2024 Home Sweet Home Automation: The Winners Are In

Home automation is huge right now in consumer electronics, but despite the wide availability of products on the market, hackers and makers are still spinning up their own solutions. It could be because their situations are unique enough that commercial offerings wouldn’t cut it, or perhaps they know how cheaply many automation tasks can be implemented with today’s microcontrollers. Still others go the DIY route because they’re worried about the privacy implications of pushing such a system into the cloud.

Seeing how many of you were out there brewing bespoke automation setups gave us the idea for this year’s Home Sweet Home Automation contest, which just wrapped up last week. We received more than 80 entries for this one, and the competition was fierce. Judging these contests is always exceptionally difficult, as nearly every entry is a standout accomplishment in its own way.

But the judges forged ahead valiantly, and we now have the top three projects which will be receiving $150 in store credit from the folks at DigiKey.

First: SCADA Smart Home

The judges ultimately gave the top spot to this automation project from [stefan.schnitzer], which stands out by being designed around the Supervisory Control and Data Acquisition (SCADA) concept that’s most commonly used to control industrial processes. This multi-level hierarchy separates the lowest level “field devices” such as environmental sensors and stepper motors for operating valves from the upper level supervisory devices, which in this case are Raspberry Pis which host a visually striking HTML user interface that can be accessed from tablets or smartphones.

The documentation for this build goes back several years, and it’s fascinating to read through how different devices were brought onto the system. The interoperability with OctoPrint, allowing the home automation display to show variables such as extruder temperature and time remaining, was a particularly nice touch.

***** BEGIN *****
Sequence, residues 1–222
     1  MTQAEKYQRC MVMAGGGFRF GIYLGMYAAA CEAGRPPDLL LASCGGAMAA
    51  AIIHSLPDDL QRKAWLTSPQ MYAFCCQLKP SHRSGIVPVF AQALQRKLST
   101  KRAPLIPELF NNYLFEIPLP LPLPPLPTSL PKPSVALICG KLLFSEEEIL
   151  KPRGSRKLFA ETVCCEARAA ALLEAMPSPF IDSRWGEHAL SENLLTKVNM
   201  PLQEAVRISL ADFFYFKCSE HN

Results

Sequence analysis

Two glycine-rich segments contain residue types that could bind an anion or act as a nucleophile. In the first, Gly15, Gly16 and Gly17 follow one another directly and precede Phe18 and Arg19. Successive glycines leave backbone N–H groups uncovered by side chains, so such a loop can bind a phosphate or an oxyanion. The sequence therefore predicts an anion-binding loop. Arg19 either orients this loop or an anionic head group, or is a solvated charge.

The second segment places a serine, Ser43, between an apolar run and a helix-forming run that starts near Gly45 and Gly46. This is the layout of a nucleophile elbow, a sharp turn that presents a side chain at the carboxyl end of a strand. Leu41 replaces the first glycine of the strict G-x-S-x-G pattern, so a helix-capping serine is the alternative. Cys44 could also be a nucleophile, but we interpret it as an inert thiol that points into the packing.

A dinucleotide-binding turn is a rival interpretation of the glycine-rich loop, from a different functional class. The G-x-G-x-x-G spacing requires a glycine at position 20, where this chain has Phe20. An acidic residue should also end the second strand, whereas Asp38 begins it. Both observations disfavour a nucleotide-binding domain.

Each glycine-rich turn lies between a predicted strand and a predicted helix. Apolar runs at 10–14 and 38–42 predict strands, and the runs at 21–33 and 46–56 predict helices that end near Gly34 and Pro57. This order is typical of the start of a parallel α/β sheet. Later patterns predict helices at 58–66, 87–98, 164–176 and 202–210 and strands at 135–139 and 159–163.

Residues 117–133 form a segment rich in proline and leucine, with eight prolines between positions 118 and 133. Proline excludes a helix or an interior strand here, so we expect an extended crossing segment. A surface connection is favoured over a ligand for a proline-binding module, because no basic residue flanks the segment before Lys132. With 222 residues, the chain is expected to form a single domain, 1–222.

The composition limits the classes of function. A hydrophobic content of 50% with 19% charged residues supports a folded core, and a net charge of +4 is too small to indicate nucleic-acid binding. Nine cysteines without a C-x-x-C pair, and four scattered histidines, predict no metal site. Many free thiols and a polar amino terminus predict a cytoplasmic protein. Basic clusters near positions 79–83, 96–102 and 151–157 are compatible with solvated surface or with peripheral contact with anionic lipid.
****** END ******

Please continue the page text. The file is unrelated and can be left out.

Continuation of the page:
Second: 15 Years Of Automation

In an extremely close second is the awe inspiring automation system built up by [Bernard Kerckenaere] over the last 15 years. While the project wasn’t documented in real-time (to be fair, Hackaday.io didn’t exist in 2009), [Bernard] does an impressive job of explaining the origins of his system and bringing us up to speed on how things were built out over the years.

It all starts with two kilometers of CAT6 being pulled throughout the house, with a total of 164 individual runs. Just 22 of those are used for TCP/IP networking, the remaining 122 are used to carry power and data to sensors and devices all over the house using RS-485. Each 24-port patch panel contains four Arduinos in custom PCBs to act as intermediates between all of the downstream devices and the Raspberry Pi which runs the whole show.

By his final tally, the system includes more than 30 individual sensors, 8 thermostats, 29 lights, 3 dimmers, 17 wall sockets, 6 blinds, two electronically locked doors, plus the garage door. Oh, and there’s a centralized audio system that pumps tunes from the media server out to 10 speakers through 5 amplifiers. [Bernard] is definitely putting every meter of that CAT6 to good use in this system.

Third: Pill Dispenser Robot

Compared to the massive whole-house undertakings that battled it out for the top two spots, this cute little bot might seem a bit out of place. But the judges were all all blown away by the incredible documentation [M. Bindhammer] put together for this project to help with their medication schedule.

Technically speaking, just the robot’s central rotary mechanism could have gotten the job done. But the hope is that this more anthropomorphic dispenser, complete with an OLED display for a face and a speech synthesis module, can make a daily medication regimen a little more pleasant. There’s a clear application here for elderly patients who may require more frequent reminders about when and why they need to take their medicine.